As noted above, Henry Ford was switching production of the AA model to a heavier truck and started in late 1929. This “late” truck has a 1929 cab and radiator shell, 1930 gas tank, 1930 axles, wheels, 4-speed transmission, and some other little unseen parts that actually came on the full-production 1930 AA trucks. But she is registered as a true 1929.

We took the truck to the ATCA National Show in Macungie, Pennsylvania, and while we didn’t take top honors, we created quite a stir. The ATCA gave us a special award and presented us with a plaque, certificate and original Moto-Meter, and gave a show t-shirt to one of our students who attended.

The truck was purchased by a retired state policeman and remains in the area. As a bonus, he since has become a member of our club and is a very enthusiastic member to boot.

Turning to a Sporty Roadster

A local collector then offered to sell us the above-mentioned roadster. He told us he had health problems and couldn’t restore it, so we purchased it with the help of a benefactor. The car is a 1931 (late) Model A Deluxe. It was a pile of parts and we bit off a big bite this time. Some was restorable, some wasn’t. We could only use the motor as a boat anchor because it was cracked so badly.

We tore this one all apart also. When we got to the point that we could hang the fenders we noticed something was wrong. One fender looked too long. Had our body twisted that far out? No, it was the wrong fender. Fortunately, a member had the correct one and we were back in business. LeBaron Bonney, the auto upholstery company (lebaronbonney.com), donated the upholstery and top and what a nicecar we had when it was finished.

We will show this car off, take it to parades, shows and schools and then place her for sale. Then we will move on to our next project in September.

Next Up…a Sedan

I have only seen our next project vehicle once and it currently is in storage. It’s a 1930 or ’31 Model A fourdoor sedan and is on the frame but was under restoration. One of our club members had the vehicle and when he passed it was in his will that our youth project program should have it.

We plan on hauling it out this spring, inventorying it and checking to see what we have to do and not do. That way we’ll know what to expect this September and get a head start on obtaining the extra parts and people we need.

A Very Worthwhile Endeavor

Our youth program has been a lot of work but also been very rewarding.

In the beginning of a build year the young people generally are frightened of everything that makes noise, produces fire or they guess might hurt them.

After mentoring them using the power and air tools, along with safety guidelines, they overcome their fears. I have found that when I need a torch to heat or cut something, need a belt sander or want to MIG weld something, the young ladies will push a boy out of the way to use them. The young men seem to gravitate to the engines, running gear, painting and air sanders.

We do get some hurt feelings and some are a little shy at first but by the finish of the restoration all is well, and that applies to the mentors too. We all learn.

Our mentors range in age from their 40s to the 80s. Watching the young people learn and work together with their mentors is something to see. Mentoring and working with young people that are teenagers is beyond words. It’s very hard to describe but you can sense their desire to learn and transfer what they learn to their hands. You can see it in their eyes and actions.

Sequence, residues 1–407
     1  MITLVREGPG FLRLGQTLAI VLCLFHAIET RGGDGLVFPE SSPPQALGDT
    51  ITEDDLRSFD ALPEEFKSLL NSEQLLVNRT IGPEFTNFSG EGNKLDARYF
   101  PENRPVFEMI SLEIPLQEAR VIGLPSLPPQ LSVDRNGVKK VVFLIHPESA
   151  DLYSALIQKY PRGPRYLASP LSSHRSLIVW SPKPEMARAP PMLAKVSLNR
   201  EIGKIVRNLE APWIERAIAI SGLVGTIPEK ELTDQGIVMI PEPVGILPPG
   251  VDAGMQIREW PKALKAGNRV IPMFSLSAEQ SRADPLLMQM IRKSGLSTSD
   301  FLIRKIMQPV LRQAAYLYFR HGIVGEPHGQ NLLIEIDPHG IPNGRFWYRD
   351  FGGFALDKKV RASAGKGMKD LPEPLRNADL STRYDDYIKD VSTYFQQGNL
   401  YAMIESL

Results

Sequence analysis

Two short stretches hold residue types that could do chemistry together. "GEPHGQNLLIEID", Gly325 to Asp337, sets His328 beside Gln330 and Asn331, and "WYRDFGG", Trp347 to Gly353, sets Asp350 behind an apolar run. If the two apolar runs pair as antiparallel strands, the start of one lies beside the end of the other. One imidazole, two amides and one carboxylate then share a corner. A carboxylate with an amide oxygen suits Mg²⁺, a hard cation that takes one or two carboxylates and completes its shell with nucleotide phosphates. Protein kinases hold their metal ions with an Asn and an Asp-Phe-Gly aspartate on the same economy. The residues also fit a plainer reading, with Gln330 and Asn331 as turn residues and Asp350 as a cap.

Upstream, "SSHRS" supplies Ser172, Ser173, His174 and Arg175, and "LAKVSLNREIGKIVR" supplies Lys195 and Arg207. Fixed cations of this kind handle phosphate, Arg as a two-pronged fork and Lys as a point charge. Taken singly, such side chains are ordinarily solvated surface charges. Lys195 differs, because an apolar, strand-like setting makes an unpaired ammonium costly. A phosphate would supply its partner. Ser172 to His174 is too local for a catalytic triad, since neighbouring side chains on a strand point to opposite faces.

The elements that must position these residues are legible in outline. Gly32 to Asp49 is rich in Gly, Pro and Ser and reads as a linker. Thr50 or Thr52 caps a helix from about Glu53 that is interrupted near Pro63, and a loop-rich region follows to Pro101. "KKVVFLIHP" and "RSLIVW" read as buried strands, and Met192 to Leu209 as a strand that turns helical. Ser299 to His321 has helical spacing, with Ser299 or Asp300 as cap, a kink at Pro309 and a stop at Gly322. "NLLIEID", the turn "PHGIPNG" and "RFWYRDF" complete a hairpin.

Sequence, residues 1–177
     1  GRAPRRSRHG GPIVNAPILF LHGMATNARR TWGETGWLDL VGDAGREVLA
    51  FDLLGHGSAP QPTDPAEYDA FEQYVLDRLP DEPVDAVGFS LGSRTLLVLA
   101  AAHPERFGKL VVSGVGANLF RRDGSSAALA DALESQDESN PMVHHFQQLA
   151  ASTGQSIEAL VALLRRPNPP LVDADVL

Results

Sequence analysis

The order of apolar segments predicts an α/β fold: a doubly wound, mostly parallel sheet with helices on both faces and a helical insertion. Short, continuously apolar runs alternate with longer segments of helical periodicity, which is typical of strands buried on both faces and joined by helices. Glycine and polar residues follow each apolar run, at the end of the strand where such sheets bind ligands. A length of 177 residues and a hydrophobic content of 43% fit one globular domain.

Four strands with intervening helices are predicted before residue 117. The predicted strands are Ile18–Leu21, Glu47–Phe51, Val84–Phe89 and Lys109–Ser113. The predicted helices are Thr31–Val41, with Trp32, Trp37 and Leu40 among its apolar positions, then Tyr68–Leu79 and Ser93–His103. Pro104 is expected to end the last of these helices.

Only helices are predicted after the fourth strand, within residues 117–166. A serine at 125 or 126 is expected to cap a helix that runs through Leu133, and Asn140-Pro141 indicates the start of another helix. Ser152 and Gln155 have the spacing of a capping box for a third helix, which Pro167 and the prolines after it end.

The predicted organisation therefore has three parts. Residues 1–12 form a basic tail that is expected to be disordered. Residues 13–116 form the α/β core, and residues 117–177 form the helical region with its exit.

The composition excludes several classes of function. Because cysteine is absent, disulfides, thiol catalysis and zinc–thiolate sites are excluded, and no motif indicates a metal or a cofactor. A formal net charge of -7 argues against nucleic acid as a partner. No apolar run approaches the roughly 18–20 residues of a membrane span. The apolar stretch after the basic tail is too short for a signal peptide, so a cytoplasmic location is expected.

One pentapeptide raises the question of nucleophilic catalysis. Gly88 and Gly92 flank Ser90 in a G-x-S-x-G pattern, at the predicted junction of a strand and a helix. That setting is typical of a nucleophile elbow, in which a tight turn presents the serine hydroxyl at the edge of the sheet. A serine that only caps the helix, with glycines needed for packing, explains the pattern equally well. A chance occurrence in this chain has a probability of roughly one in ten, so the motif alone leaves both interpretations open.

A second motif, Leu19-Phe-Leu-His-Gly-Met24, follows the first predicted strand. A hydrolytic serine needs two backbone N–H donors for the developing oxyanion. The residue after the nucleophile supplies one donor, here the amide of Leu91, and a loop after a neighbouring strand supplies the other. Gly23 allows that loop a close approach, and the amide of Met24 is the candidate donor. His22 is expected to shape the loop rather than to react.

Our students tear everything down, tagging each piece, learning how it works and why, cleaning, painting and re-assembling the good and the repair parts. The engine, transmission and rear end are all re-assembled and installed in the freshly restored chassis. The body is repaired, primed and placed back on the chassis. They do all of this under our supervision. They set their goals for the day and if they complete those goals they start on something new. It isn’t uncommon for us to tell them it’s time for lunch or to end the day and they ask for a few more minutes to get that one last thing done.

At the end of the day they enthusiastically tell their parents what they accomplished, what they learned, and what they have planned for the next build day. The feedback to us from the parents has been positive.

A Lasting Effect…

Our club members are a mixed bunch of souls with a common interest, Ford Model As. The mentors of our youth program come from all walks of life and love what they do. Some are professional teachers while the rest of us are policemen, mechanics, machinists, engineers, lawyers, businessmen and spouses. Most of us are retired. We actively search for new members but I think all groups have this same problem.

Time has slipped by and we need new blood. Fortunately, some of our students have become members.

We realize that our students may not go on to become mechanics, bodymen, etc., but they will not be as afraid to take on any future projects and goals, no matter if they are current school classes, work in future schools or advanced studies. They will have other careers but they will also know how important their restoration project was to them as they sit on school boards, museum boards and perhaps taking part in auto and truck clubs.

We do think that a few of our students may wish to enter the automotive field and we have a small scholarship fund for them if they apply for it.

We encourage other clubs and organizations to start a program like ours or on a smaller or larger basis. Clubs are welcome to contact us at PO Box 1246, Clifton Park, NY 12065.

In our area, our schools have dropped the courses we knew as “Industrial arts” programs. We try to fill that void.

By the way, cell phone and other electronic device use is not allowed during a build day. Opposable thumbs are meant to hold tools, steering wheels, a firm handshake, books, pizza, hotdogs…and homemade cookies.